Michigan Supreme Court Decision Broadens FOIA Definition of Public Body
Michigan’s Freedom of Information Act (“FOIA”) requires production (absent statutory exemption) of a “public record,” defined as “a writing prepared, owned, used, in the possession of or retained by a ‘public body’.” In Bisio v City of the Village of Clarkston, decided by the Michigan Supreme Court on July 24, 2020, the plaintiff sought from the city documents contained in the files of the city attorney, a private attorney who contracts with the city to serve as city attorney. Plaintiff’s request was denied on the basis that the city attorney was not a “public body,” and thus documents in his files (but not elsewhere in the city’s files) were not subject to FOIA. Both the Circuit Court and the Court of Appeals upheld the denial. In an unusual opinion, written by Justice Markman joined by four other justices, the Supreme Court reversed the denial, holding that the city attorney occupied the “office of city attorney,” and that the office of city attorney was a public body subject to FOIA. This decision, as the dissenting Justice pointed out, amounts to a broad expansion of the coverage of FOIA to individual public officers never thought to be subject to FOIA.
The argument that ultimately prevailed in the Court was not one raised or argued by either of the parties but was proposed by a media organization participating as amicus curiae (friend of the court). Ordinarily, courts confine themselves to arguments and positions of the parties, but the Court expressly chose not to apply that general procedure here. Beyond that, in a 2000 case arising under the Open Meetings Act, the Court had recognized that “public body” consists of a “collective entity,” that is, a group of individuals, as opposed to a single individual. While citing and not overruling the 2000 case, the Court largely ignored it. The Court concluded that where the City Charter had explicitly provided for the appointment of a city attorney and given the city attorney specific responsibilities, the charter had effectively created an “office of city attorney,” even though the charter contained no such provision. According to the Court, because the city attorney is designated as an “officer,” he must necessarily occupy an “office;” and because documents created, retained or in the possession of an office are subject to FOIA, the documents in the file of the city attorney are subject to FOIA. The Court emphasized that it was not determining that the city attorney himself is a public body, but only that the “office of city attorney” implicitly created when the charter provided for a city attorney is a public body.
Concurring in the result, Chief Justice McCormick was troubled by the Court basing its decision on an argument not presented by the parties but would have held that the documents were subject to FOIA because the city attorney is an agent of the city. Her opinion ran counter to a previous Supreme Court decision that had rejected the argument that FOIA applies to agents of public bodies, as opposed to the public body itself.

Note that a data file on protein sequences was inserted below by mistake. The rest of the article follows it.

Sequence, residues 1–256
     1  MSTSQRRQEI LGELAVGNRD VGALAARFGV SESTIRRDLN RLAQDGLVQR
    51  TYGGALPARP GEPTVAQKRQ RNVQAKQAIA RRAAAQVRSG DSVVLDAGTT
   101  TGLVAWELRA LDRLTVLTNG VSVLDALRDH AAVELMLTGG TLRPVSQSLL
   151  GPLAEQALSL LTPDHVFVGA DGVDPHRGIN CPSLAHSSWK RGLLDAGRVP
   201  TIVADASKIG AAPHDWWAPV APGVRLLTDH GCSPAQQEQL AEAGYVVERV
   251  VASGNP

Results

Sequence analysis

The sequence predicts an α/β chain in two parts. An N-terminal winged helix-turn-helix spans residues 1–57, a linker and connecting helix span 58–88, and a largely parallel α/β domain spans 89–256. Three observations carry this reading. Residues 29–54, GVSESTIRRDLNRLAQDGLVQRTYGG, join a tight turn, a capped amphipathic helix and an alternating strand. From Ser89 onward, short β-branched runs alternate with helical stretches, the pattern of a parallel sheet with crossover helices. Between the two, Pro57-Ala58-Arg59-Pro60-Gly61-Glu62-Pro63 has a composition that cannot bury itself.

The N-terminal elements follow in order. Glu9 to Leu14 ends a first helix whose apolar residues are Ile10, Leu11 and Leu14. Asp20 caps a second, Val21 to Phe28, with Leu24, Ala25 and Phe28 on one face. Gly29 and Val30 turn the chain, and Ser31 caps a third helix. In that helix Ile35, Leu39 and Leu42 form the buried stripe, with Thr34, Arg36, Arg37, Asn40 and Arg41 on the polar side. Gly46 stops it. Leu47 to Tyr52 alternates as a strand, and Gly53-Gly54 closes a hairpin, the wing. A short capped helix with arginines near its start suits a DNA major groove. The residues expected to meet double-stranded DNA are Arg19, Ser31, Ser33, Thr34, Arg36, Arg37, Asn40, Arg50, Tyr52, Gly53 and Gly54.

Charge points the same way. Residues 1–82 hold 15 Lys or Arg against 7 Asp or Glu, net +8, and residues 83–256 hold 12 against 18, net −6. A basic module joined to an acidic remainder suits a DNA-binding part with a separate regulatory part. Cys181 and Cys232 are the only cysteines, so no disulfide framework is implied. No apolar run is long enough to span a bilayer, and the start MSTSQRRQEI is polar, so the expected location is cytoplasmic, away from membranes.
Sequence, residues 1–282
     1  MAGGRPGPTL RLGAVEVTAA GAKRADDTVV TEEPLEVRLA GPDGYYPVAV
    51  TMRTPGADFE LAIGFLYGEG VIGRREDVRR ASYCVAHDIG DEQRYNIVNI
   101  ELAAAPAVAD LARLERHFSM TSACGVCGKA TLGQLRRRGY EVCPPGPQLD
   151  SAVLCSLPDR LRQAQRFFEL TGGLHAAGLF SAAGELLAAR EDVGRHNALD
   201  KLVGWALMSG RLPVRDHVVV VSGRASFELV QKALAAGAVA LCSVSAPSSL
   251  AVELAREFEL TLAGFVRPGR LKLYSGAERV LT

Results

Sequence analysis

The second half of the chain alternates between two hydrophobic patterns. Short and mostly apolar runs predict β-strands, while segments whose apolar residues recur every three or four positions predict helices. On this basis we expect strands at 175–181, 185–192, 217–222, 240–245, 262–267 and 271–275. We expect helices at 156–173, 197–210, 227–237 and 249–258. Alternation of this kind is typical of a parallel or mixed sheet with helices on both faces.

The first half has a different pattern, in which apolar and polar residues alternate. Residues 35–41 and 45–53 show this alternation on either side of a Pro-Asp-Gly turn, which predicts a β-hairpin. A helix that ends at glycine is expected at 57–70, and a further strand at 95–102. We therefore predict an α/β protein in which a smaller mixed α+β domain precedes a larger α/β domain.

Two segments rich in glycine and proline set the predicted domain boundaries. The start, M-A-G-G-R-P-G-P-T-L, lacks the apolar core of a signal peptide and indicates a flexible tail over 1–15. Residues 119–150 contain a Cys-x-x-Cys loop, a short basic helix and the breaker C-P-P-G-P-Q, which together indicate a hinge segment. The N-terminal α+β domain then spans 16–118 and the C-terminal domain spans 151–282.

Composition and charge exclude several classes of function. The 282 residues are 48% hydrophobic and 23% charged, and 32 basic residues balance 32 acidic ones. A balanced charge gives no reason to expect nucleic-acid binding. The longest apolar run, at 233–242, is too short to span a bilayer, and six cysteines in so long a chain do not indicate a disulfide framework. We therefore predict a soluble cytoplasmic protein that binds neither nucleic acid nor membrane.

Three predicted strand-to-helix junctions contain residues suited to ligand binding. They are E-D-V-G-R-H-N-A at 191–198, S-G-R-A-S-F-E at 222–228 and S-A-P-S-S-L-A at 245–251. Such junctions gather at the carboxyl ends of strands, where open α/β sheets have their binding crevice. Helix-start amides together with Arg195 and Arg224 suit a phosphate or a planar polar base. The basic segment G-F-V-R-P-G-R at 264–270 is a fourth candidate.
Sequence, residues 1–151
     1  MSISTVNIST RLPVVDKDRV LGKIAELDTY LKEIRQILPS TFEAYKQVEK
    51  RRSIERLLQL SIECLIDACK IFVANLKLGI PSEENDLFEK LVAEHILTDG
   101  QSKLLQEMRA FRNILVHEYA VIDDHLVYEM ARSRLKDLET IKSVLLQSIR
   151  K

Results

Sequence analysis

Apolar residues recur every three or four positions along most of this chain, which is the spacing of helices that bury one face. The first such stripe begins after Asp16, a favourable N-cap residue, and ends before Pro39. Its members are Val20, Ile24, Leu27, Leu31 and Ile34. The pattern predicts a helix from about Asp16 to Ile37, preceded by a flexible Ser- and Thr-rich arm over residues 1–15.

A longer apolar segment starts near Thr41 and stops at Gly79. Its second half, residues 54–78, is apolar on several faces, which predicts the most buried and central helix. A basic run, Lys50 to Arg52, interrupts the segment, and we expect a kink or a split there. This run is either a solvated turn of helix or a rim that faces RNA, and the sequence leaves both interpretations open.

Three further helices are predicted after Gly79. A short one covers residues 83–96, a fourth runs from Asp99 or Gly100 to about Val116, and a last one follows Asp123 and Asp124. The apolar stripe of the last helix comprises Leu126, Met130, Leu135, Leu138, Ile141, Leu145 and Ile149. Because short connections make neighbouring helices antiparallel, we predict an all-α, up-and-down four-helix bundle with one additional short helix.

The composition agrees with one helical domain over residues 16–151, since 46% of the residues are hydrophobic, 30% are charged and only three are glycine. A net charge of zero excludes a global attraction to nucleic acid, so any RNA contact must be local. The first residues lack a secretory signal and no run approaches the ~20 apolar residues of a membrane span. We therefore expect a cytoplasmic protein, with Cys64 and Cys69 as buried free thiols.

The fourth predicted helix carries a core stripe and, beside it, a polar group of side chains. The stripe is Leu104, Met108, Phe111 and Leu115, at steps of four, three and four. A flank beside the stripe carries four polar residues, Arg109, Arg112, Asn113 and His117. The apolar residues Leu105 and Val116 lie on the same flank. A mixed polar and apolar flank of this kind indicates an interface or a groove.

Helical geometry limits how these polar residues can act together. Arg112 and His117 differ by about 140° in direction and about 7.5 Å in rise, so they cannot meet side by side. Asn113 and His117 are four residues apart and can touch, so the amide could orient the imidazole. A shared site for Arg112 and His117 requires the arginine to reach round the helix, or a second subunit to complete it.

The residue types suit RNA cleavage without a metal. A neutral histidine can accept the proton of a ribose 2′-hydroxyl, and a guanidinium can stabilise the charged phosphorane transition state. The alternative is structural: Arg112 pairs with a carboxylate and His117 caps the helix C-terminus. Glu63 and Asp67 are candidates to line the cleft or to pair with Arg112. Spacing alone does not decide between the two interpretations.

Dissenting, Justice Viviano strongly criticized the majority’s basing its determination on arguments not raised by the parties or litigated in the lower courts, and on the determination that what he calls a “fictional office of city attorney” was created by a charter provision providing for a city attorney. He concluded that “the majority’s mangling of the meaning of ‘body’ and ‘office’ will . . . have many serious consequences beyond this case,” adding that the Court’s holding “portends a radical expansion of the definition of ‘public body’ under FOIA such that it will now include many other public officers.”
As Justice Viviano recognizes, if any public “officer” necessarily holds an “office,” many more public employees would seem to be subject to FOIA. In the municipal area, it would seem to bring under FOIA the records of individual Council members and a variety of other individual officers. In the school realm, most school districts retain legal counsel pursuant to provisions in their bylaws similar to the Clarkston charter provisions in Bisio. This decision would seem to apply equally to school lawyers, and perhaps even to Board of Education members.
This broad decision, finally, resulted from a fact situation that is relatively uncommon. The documents requested consisted of correspondence and related documents between the city attorney and a developer, not shared with other city employees. They were therefore not documents subject to the attorney-client privilege, or the FOIA exemption [MCL §15.243(1)(g)] for documents protected by the attorney-client privilege. The Court acknowledged in a footnote that it was not addressing that exemption in its decision. For municipal and school attorneys, most of the documents they generate should be protected by the attorney-client privilege and exemption, and for that reason, the decision may have relatively little effect on those attorneys’ practices. But, for other public officers newly subject to FOIA under Bisio and who are not attorneys, the attorney-client privilege exemption will often not be applicable, and unless another exemption applies those officers may have to produce documents previously thought not to be governed by FOIA.
If you have questions about this or other issues related to FOIA, please contact Mark McInerney at (313) 965-8383, email@example.com, or another member of Clark Hill’s Education or Municipal Law groups.